Italy - electric locomotives and EMUs

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FS Trenitalia's electric locomotives, EMUs and electric locomotive pulled trains


ETR1000, also known as Frecciarossa 1000 or ETR400 is Trenitalia's newest fast train type. The type is built by AnsaldoBreda, Hitachi and Bombardier and they are in use since 2015. It is a 200 meters long, non-tilting fixed set capable of reaching 400 km/h, but whose normal operational top speed is 300 km/h. Power rating of the train is 9800 kW - a mighty figure compared with even the strongest current European locomotives. Trenitalia uses them on the routes Torino-Milano-Bologna-Firenze-Roma-Napoli-Salerno-(Potenza-Taranto)and Venezia-Padova-Bologna-Firenze-Roma-Napoli-Salerno.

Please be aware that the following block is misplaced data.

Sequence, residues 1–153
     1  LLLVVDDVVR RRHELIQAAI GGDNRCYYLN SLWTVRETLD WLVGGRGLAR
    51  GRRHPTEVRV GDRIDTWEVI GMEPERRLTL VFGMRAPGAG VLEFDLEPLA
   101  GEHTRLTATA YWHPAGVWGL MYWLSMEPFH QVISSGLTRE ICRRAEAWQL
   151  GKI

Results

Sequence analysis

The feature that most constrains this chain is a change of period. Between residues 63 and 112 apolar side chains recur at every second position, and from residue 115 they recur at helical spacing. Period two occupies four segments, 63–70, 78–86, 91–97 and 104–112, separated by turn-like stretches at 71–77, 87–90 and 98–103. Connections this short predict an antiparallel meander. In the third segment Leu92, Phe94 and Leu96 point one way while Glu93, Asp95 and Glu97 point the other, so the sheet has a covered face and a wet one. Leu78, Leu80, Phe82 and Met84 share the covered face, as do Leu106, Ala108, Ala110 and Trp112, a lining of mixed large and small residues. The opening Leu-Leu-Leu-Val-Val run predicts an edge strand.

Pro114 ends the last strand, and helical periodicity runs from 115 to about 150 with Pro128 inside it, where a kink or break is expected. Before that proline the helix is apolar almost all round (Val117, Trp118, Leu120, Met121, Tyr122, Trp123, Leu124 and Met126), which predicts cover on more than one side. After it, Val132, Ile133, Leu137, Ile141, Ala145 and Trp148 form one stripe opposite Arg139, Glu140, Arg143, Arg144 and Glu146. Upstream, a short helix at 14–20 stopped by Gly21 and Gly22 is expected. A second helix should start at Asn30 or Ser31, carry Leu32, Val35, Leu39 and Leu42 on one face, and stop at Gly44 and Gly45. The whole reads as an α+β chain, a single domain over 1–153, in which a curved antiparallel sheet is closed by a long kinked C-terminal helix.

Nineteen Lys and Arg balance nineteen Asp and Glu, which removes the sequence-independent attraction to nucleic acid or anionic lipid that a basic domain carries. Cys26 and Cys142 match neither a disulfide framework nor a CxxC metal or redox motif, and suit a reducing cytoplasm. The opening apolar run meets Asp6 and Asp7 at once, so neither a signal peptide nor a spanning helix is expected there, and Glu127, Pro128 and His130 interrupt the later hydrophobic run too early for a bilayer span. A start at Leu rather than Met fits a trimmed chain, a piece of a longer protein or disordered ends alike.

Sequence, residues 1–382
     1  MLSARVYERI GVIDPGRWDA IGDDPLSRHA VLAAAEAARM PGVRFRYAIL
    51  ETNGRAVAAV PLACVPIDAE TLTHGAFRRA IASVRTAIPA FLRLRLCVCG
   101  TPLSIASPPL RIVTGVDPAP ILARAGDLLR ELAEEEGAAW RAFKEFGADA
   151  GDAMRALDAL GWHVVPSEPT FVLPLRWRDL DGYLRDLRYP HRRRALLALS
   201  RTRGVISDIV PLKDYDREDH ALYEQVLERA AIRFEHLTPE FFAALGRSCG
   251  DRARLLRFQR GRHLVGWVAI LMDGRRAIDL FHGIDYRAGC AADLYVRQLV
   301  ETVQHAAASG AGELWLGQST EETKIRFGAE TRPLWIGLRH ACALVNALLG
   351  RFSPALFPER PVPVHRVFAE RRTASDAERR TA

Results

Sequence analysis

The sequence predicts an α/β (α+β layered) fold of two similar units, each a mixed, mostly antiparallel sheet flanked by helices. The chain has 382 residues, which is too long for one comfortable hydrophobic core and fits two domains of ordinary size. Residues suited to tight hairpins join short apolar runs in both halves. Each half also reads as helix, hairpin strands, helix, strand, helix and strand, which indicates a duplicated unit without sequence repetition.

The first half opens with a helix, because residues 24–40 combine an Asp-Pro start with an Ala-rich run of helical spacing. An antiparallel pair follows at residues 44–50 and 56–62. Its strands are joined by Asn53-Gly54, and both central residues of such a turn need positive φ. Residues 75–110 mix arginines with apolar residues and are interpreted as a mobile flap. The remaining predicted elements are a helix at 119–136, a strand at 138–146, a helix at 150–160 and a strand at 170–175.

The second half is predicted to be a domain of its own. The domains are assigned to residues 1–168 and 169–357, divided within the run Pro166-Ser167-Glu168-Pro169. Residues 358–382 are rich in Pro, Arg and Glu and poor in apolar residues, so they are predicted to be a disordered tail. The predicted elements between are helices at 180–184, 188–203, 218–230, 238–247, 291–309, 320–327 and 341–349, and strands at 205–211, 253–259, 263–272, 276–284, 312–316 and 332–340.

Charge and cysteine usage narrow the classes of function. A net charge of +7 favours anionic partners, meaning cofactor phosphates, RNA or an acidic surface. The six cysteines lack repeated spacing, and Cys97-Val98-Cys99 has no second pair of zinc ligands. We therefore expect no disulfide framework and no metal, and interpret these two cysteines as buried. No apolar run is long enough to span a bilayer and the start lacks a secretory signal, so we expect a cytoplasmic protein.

Picture from Roma Termini 15.3.2019 by Markku Salo.


Another ETR1000 bullet train, here boarding passengers for a ride from Milano to Roma.
Picture from Milano Centrale 7.7.2019 by Ilkka Siissalo.


This is the FS Trenitalia ETR 700, which was originally designed as a fast train for the Netherlands and Belgium as their V250. The project ran years late and when these trains finlally were delivered, they were only used for a short period of only a couple of weeks before they were all taken out ot use because of a long list of serious faults. It all resulted in litigation and the trains being returned back to the builder Ansaldobreda. After a long legal fight and the bankruptcy of Andaldobreda, all trains were taken back to Italy and some compensations were paid. The trains stood unused in Italy for several years before they were thoroughly rehauled and modified and after tests sold to FS Trenitalia where they are now known as the Frecciargento (silver arrow) class ETR 700.
Picture from Milano Centrale by Stefano Bressanelli from June 2019.